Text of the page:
Georg Cantor has showed there are more real numbers than natural numbers in his diagonal argument. Assuming that two sets have the same size if we can make a pair up elements from set A with elements from set B. Now if we make a list of natural numbers, then no matter what list of real numbers we provide, there will always be another number that's not on the list (created by adding '1' to diagonal of the list, for example).
Now, it's a proof that there are more reals. But what if I told you, before Cantor, that there are equally many reals and natural numbers, because we can make a list of natural numbers and assign a real number to each natural number? I will tell you, look, it can't be the case there are more real numbers, because there are infinitely many nautral numbers and you will never run out of natural numbers to pair them up with real numbers!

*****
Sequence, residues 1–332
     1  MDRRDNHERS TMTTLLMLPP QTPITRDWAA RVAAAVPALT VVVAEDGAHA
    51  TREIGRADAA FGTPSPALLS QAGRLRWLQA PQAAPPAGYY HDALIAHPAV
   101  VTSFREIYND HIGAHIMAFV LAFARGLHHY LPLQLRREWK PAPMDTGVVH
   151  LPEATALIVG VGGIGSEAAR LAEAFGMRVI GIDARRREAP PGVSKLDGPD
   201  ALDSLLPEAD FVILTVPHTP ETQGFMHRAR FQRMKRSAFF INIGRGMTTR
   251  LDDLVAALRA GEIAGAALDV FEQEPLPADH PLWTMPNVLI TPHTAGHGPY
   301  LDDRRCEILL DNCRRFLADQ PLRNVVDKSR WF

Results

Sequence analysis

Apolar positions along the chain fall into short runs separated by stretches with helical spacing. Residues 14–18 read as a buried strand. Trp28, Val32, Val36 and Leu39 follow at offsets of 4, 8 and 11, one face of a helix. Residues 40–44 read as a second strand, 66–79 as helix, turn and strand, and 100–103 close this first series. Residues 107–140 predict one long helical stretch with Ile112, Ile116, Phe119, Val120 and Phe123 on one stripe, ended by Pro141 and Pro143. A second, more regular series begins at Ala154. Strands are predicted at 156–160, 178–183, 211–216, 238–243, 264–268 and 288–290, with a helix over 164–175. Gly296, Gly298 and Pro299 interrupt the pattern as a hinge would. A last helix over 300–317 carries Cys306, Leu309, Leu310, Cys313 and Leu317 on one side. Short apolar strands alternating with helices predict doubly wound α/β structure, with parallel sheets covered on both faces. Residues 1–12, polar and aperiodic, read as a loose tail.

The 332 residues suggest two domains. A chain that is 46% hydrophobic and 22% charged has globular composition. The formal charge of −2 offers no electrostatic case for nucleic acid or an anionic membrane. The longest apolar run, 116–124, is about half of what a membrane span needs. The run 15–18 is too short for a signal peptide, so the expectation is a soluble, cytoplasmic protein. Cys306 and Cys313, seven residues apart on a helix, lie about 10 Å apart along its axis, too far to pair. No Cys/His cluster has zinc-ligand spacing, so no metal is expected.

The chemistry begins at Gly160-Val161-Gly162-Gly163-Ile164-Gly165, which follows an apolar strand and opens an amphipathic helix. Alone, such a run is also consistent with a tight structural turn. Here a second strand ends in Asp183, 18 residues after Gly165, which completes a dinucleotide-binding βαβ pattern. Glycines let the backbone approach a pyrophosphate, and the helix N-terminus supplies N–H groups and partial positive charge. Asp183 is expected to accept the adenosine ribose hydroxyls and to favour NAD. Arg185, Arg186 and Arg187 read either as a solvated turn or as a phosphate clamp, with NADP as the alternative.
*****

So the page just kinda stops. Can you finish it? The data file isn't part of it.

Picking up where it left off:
Would it be considered a valid proof? Actually, wasn't it considered a valid proof until Cantor came up with his theory? What if there are other such theorems in mathematics commonly believed to be true, with accepted proofs, and some day someone will come up with a counterexample, disproving them? Does it mean we can never be sure if a mathematical proof is valid?